Review to be conducted into benefits of free eye care in Scotland
18 May 2011 00:00 in Medical Government/ NHS related news
A review is to be conducted over the coming year to assess the impact of the introduction of free eye care services in Scotland.
Researchers from the University of Aberdeen are to conduct the assessment, funded by the Chief Scientist Office, which will evaluate to what extent the policy has met its objectives since being introduced in 2006.
The Scottish government implemented this measure to encourage wider use of optometry services and ensure that most residents have access to full eye health examinations, rather than simple sight tests, via high street optometrists.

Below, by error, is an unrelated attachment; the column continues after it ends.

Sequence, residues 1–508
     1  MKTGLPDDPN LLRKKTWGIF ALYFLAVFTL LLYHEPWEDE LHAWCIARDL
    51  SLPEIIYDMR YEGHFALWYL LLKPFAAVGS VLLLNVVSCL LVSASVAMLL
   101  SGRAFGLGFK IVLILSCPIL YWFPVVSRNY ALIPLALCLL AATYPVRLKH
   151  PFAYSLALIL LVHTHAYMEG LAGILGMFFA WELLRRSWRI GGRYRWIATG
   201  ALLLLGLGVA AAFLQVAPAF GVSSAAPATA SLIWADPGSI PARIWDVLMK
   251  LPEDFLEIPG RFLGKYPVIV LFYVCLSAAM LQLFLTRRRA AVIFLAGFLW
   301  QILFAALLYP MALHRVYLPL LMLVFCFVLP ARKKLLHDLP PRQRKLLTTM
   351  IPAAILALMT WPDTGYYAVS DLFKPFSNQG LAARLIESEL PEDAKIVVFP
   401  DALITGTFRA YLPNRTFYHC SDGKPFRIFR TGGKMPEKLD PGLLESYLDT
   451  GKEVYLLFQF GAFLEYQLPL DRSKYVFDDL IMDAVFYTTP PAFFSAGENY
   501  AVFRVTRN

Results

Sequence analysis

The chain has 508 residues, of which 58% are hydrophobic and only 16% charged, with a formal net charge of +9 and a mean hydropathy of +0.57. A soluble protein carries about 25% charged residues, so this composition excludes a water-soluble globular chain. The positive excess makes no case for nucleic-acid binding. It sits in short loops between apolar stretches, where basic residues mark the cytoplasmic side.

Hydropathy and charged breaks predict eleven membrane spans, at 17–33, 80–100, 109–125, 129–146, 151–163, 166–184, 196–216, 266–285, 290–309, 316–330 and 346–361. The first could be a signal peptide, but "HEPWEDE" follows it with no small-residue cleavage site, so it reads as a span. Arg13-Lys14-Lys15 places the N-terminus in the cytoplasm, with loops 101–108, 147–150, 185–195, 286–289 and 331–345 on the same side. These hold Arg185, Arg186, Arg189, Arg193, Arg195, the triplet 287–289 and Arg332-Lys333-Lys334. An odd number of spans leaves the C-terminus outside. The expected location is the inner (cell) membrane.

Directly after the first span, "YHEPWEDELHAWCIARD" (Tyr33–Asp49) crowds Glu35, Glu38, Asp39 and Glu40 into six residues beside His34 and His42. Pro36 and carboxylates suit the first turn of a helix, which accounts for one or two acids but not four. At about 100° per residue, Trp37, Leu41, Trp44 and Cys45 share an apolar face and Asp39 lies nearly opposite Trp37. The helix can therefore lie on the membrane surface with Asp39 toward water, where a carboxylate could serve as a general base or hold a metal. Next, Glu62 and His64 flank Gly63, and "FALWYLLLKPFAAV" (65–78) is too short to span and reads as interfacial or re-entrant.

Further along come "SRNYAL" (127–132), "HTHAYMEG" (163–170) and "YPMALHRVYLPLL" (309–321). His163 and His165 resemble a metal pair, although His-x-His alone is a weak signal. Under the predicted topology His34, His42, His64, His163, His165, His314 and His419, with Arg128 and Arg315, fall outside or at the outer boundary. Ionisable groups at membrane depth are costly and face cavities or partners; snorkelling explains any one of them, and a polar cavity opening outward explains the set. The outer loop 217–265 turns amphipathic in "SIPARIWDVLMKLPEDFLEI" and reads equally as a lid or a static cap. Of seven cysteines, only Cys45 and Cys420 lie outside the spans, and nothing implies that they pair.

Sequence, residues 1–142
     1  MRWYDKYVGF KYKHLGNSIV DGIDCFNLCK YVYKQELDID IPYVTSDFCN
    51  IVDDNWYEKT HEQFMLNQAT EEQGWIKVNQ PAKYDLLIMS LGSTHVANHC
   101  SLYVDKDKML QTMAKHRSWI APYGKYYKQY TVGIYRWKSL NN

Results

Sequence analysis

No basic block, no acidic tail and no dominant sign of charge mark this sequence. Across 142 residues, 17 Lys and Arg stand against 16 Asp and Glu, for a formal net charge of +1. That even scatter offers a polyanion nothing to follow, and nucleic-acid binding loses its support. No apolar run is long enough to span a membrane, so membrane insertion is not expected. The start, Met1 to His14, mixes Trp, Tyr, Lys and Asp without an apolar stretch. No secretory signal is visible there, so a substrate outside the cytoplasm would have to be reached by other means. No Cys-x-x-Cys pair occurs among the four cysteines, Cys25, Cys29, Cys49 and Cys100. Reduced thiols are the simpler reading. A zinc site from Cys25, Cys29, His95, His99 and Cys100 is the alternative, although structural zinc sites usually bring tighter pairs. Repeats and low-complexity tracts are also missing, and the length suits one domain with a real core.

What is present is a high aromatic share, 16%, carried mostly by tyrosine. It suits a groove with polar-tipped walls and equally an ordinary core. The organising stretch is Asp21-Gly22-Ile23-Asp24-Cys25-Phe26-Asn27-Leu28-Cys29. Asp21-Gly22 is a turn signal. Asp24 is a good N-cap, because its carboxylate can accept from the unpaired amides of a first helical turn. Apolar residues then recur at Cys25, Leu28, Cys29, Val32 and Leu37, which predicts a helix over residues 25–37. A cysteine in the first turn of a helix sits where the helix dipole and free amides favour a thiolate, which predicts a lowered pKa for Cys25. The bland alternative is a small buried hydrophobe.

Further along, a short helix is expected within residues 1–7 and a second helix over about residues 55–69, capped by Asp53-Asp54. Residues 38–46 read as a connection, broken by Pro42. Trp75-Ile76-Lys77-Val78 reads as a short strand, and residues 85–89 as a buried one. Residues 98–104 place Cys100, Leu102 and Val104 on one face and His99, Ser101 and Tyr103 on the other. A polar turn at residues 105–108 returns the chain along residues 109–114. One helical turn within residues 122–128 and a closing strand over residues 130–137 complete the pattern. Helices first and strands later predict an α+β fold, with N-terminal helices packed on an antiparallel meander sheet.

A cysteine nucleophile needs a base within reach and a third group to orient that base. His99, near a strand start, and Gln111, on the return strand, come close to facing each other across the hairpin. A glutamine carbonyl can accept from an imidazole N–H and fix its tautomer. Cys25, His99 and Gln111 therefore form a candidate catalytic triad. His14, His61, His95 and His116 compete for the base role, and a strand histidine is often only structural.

An exploratory pilot study suggests that the proportion of the Scottish population having eye examinations rose from 31.5 percent in 2008 to 34.2 percent in 2010.
Dr Alexandros Zangelidis, the leader of the new study, said: "The results of this study are expected to help in prioritising government health expenditure in relation to free eye examinations in Scotland."
Last month, consumer group Which? suggested that inconsistency in the rates of participation in eye exams among English children could be exposing many to the risk of developing vision problems later in life.
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